Doing something for the right reasons will help you overcome fear.
3. You have to believe you can
Ultimately, I had to completely and utterly believe that we could do the swims - that we were capable of doing something no one had ever done, which the local experts initially thought mad. The first time I saw the Saltstraumen, I felt sheer terror rise within as a monstrous whirlpool appeared in front of our boat. I had to fight this fear and never doubt for a second that we could swim across. Visualisation is a huge part of this and every day for nearly a year I would fantasise about swimming across the maelstroms. I would think about the freezing cold Arctic water and the waves crashing around us. I would picture orcas breaching alongside us, as we swam over the deep water. I'd visualise, over and over again, the image of Robbie, Jack and me emerging onto the rocks, validating this inner belief that forces you onwards, through worries of hypothermia, blooms of jellyfish and the ever-present threat of a six-tonne adult bull orca coming up to say "hello". I think that believing in this self-fulfilling prophecy, totally, is the key to overcoming these fears.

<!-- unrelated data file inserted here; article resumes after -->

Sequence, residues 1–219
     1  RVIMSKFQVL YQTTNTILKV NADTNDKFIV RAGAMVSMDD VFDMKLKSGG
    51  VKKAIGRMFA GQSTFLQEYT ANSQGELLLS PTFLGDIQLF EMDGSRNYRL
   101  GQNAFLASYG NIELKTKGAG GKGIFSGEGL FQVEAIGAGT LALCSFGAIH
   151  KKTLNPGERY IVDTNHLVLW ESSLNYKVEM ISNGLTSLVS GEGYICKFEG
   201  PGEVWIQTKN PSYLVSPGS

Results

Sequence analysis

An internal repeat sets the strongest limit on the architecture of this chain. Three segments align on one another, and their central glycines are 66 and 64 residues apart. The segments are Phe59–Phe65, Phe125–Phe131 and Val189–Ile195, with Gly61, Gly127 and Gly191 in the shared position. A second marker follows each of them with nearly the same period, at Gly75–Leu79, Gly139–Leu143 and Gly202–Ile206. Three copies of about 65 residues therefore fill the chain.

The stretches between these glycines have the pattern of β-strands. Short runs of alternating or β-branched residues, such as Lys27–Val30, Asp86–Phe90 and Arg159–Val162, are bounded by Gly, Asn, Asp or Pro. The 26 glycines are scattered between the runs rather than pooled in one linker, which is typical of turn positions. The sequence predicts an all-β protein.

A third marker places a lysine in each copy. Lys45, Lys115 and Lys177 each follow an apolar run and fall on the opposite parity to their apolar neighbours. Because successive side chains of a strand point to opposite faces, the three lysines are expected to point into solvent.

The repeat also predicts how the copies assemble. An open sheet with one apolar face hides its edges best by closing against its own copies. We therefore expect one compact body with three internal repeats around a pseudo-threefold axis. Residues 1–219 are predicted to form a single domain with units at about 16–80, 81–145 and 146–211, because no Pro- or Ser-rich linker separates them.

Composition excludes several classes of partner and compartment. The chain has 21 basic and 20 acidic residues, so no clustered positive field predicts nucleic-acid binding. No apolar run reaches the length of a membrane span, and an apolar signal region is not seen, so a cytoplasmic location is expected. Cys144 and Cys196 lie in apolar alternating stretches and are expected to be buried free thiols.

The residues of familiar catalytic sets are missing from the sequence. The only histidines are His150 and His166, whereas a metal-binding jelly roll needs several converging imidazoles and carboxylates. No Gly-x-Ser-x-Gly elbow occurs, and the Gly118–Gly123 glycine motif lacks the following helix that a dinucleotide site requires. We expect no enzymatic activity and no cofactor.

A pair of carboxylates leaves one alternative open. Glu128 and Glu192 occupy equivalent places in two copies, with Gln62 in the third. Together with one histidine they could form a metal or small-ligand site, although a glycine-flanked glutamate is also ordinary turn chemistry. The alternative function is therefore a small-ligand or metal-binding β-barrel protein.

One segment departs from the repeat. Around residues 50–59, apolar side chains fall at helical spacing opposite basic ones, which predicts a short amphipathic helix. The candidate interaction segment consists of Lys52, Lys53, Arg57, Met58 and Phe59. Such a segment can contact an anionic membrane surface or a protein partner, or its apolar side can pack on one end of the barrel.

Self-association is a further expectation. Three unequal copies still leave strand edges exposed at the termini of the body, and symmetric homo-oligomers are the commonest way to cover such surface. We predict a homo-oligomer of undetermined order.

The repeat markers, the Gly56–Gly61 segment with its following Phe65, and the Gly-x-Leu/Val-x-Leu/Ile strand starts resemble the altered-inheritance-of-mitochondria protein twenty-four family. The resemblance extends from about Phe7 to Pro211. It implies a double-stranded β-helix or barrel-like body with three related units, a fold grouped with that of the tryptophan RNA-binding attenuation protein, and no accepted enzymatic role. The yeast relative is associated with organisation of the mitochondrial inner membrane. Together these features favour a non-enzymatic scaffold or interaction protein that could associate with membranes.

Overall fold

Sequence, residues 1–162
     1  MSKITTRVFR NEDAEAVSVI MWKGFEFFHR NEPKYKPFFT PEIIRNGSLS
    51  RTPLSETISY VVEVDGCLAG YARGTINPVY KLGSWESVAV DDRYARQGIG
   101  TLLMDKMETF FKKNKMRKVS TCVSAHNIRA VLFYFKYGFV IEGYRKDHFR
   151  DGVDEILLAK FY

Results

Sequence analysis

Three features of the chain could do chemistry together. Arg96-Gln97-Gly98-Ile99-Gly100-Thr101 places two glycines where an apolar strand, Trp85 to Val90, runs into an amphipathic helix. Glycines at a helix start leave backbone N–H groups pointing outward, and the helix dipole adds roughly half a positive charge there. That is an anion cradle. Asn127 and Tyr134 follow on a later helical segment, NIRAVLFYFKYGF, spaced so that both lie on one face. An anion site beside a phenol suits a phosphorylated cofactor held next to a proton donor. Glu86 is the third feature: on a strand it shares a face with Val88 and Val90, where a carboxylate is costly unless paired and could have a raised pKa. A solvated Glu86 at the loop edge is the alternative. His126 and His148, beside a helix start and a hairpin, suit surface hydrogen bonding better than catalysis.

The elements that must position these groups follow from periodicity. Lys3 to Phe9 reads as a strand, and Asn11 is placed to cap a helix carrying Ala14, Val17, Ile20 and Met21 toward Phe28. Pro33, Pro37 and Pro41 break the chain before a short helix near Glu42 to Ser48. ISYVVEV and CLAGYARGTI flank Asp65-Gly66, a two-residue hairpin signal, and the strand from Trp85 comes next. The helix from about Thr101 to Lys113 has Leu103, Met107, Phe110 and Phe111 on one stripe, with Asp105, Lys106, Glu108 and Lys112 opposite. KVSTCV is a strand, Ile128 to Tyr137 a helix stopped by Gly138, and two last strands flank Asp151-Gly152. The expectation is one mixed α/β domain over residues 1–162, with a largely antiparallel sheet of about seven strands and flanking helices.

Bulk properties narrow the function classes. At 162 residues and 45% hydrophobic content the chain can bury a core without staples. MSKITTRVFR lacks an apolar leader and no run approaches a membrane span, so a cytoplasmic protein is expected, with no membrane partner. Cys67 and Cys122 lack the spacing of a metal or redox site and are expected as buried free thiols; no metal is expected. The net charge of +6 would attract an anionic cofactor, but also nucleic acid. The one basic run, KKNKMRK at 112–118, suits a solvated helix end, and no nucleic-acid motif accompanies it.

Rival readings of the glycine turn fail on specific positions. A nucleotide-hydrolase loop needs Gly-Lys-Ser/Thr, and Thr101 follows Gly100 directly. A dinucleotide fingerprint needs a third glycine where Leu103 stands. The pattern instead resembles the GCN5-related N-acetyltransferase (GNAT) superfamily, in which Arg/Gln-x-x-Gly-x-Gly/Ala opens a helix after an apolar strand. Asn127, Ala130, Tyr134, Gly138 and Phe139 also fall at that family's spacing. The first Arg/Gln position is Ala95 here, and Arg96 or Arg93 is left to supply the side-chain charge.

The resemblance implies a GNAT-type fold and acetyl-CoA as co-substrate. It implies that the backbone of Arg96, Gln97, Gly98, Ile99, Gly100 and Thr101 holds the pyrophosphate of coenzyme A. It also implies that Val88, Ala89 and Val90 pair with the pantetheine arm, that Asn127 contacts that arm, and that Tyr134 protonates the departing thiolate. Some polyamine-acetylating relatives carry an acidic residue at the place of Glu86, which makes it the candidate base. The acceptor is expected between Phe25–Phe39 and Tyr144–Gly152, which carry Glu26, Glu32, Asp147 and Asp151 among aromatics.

4. You must have absolute trust in your team and the people around you
No one truly achieves anything of merit alone and we know this going into all of our swims. For Norway, I knew I'd have my brothers on either side of me. Swimming in formation, side-by-side, distracts you from deep water and apex predator fear. In order to focus on swimming, to relax into our strokes and not worry about the currents, we had to completely trust in our support team on the boat, as well as each other.
We all had one of our childhood friends as part of the team: Dave, Luke and James, who know each of us like brothers. We also had Jack's girlfriend, Beth. We could happily place our lives in all of their hands. This proved crucial, as during the Saltstraumen swim we were caught by one of the vortexes and dragged backwards. Luke immediately noticed this and shouted from the boat for us to change direction and swim diagonally against the current. Eventually, we pulled through. Given that we made that swim with about 75-seconds to spare that quick decision and absolute concentration likely saved us from real trouble.